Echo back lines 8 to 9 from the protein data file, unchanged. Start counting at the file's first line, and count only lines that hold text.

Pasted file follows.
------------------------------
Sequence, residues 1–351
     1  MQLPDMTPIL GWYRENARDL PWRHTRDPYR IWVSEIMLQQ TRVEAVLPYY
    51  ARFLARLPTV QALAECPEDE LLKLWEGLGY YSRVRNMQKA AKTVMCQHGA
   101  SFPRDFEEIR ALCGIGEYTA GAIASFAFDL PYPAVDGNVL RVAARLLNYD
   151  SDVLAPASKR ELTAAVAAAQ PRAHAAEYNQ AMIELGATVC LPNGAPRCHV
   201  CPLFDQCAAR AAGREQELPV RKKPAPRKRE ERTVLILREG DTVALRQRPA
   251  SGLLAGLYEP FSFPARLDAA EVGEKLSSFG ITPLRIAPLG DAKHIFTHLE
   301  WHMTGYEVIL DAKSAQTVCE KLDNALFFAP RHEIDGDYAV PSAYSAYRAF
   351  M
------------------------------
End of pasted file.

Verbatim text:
   301  WHMTGYEVIL DAKSAQTVCE KLDNALFFAP RHEIDGDYAV PSAYSAYRAF
   351  M